Huffpo: "Vaccine Court Awards Millions to Two Children With Autism"

This has been making the rounds on Facebook, and people I previously thought sane are in wild support of the feds ponying up big bucks to autism sufferers due their “vaccine-caused autism”

From the article:

It’s early and I haven’t had much coffee yet, but two things strike me as odd (besides the fact that there is, apparently, a “vaccine court” to begin with):

  1. The medical records have been blocked, so the info in that article is gleaned from witnesses, not actual records.

2)The government didn’t admit that vaccines caused autism, but rather the court determined the vaccines caused encepalopathy, which as I understand it is a catch-all term for brain disorders.

This board, with some justification, holds anti-vaxers in the same league of morons that include Jack Chick, Orly Taitz and her followers, and the Time Cube guy. I’m not aware of any vocal anti-vaxers on the board, so I’m curious what Doper’s opinions are on this ruling, and what it means for the pro-vax / anti-vax argument.

The link between vaccines and autism has been conclusively disproven, and the original claim (and successive waves of belief) were based on one small, falsified study.

This is a dismaying event. I wonder if the court was allowed to acknowledge the debunking of the original study.

The website. Looks like it’s a no-fault alternative to the usual lawsuits.

In neither of these two recent vaccine court cases was it ruled that vaccines caused autism. It was decided that there was encephalopathy which the preponderance of evidence suggested was associated with vaccination. Encephalopathy is a term denoting brain injury which can in rare instances be caused by a vaccine (and more commonly by the infectious diseases vaccines protect against); it is not a synonym for autism.

As this article relates, evidence in one case (Mojabi) is lacking that the child even had autism, and the court ruling in the other case does not mention autism or ASD.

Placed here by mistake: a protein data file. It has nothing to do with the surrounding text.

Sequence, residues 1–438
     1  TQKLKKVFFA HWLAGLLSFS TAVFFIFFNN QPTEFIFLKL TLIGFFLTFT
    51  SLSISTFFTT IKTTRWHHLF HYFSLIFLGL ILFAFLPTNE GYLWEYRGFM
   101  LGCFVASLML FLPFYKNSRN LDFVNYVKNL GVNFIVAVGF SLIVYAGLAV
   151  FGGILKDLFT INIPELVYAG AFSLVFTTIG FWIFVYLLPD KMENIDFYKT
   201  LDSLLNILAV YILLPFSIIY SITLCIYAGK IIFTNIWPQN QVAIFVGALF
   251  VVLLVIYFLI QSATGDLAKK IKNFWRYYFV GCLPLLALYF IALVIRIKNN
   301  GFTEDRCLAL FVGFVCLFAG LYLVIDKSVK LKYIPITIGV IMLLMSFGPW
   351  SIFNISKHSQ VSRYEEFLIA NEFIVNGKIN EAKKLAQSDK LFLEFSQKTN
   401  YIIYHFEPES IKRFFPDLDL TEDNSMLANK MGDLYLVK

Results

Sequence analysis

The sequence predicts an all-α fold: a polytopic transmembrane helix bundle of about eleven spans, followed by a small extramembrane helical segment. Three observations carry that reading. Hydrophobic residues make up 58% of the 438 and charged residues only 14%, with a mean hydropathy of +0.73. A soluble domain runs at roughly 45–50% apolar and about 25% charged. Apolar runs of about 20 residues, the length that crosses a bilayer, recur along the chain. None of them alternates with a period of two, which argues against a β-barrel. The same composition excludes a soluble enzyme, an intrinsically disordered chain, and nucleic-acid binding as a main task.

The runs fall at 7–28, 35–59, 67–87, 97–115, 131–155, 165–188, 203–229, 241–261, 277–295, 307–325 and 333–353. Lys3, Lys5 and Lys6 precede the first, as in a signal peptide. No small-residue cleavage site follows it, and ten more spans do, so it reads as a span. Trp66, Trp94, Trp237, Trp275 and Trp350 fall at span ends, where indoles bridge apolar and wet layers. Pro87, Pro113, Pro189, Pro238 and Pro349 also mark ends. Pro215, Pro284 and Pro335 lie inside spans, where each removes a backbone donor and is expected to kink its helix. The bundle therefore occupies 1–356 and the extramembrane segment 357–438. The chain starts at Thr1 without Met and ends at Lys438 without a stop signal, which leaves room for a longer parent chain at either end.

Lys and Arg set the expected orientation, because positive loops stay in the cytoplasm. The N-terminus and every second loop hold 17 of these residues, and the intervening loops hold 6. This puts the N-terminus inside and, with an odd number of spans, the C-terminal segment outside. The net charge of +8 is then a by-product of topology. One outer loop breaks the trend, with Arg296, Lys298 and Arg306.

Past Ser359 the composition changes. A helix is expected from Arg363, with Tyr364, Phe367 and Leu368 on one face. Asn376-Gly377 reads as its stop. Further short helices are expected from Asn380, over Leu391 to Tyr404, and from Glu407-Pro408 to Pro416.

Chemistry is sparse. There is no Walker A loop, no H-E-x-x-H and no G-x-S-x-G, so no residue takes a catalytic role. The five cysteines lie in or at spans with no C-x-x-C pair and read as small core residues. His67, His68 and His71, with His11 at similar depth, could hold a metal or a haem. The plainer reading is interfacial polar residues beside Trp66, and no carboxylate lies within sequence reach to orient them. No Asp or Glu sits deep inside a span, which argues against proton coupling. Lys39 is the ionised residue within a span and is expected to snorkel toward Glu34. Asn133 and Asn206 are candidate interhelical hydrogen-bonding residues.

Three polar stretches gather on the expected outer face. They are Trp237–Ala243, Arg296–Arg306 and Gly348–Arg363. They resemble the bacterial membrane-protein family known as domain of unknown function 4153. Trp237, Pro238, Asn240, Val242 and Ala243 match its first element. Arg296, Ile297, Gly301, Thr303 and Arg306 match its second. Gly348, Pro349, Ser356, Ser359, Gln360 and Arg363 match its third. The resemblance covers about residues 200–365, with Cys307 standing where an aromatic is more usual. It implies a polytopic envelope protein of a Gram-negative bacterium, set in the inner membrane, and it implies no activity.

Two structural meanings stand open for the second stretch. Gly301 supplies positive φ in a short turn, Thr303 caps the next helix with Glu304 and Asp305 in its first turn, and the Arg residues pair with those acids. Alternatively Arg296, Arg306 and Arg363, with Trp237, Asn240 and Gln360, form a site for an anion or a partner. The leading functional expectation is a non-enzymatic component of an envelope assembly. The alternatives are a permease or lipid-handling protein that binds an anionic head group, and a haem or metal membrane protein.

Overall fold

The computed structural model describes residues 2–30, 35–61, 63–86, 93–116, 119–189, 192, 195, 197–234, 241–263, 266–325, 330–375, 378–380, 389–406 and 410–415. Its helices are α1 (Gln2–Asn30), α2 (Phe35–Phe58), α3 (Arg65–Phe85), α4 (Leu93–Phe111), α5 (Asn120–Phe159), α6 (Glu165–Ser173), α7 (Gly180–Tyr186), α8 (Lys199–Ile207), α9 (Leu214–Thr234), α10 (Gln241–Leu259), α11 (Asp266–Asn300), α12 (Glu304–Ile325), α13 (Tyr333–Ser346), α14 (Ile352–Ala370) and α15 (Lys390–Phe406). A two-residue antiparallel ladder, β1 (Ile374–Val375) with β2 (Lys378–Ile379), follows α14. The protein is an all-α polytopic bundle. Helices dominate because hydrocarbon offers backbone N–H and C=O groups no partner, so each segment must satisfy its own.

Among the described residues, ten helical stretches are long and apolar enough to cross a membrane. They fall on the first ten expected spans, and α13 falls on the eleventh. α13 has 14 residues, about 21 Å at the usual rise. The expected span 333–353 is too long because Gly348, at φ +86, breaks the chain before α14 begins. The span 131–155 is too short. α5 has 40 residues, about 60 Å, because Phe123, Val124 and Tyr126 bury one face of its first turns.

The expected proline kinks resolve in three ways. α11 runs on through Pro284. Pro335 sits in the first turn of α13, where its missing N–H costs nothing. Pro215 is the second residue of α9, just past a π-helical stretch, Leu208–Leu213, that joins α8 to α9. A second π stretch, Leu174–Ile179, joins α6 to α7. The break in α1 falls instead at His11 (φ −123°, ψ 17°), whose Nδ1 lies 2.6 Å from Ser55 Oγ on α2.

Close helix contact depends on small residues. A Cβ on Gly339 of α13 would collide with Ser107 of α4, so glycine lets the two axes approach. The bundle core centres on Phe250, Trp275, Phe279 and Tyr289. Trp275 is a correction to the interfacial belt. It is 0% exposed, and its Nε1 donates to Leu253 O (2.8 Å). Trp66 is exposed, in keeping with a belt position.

Bear in mind also that a prior vaccine court ruling specifically addressed the vaccines-cause-autism claim and found it lacking.

And this news just in: the Institute of Medicine has issued a report finding that the current vaccine schedule is safe.

“Upon reviewing stakeholder concerns and scientific literature regarding the entire childhood immunization schedule, the IOM committee finds no evidence that the schedule is unsafe. The committee’s review did not reveal an evidence base suggesting that the U.S. childhood immunization schedule is linked to autoimmune diseases, asthma, hypersensitivity, seizures, child developmental disorders, learning or developmental disorders, or attention deficit or disruptive disorders.”

Incidentally, the slanted HuffPo piece (which ignores the weight of evidence against a vaccine-autism connection, including previous vaccine court rulings in the matter) is written by David Kirby, a noted antivax activist and pseudojournalist best known for flogging the debunked thimerosal-autism connection.

From a link at that site is the standard required by the program:

This low bar of evidence program was indeed created as the no-fault alternative to lawsuits back in the era when most of pharma was pulling out of vaccines due to the unknown “any given Sunday” exposure factor. In practice it means money for the family if the worsening of a condition or onset of a condition occurs timed with vaccine(s) administration and there is no other provable proximate cause.

Given that the official MMR vaccine information sheet (VIS, that every parent gets before the child gets a vaccine) states the under “Severe Problems - Very Rare”:

a claim that long-term seizures and brain damage that occurred in a covered time period after the vaccine without a clear other proximate cause (and note, having a different underlaying condition, some other brain or metabolic disorder, is not enough, it must be a different proximate cause) will be covered under the program.

Such will be interpreted by many as a finding that the vaccine caused the problem. It is no such thing. It is however how the program is intended to function.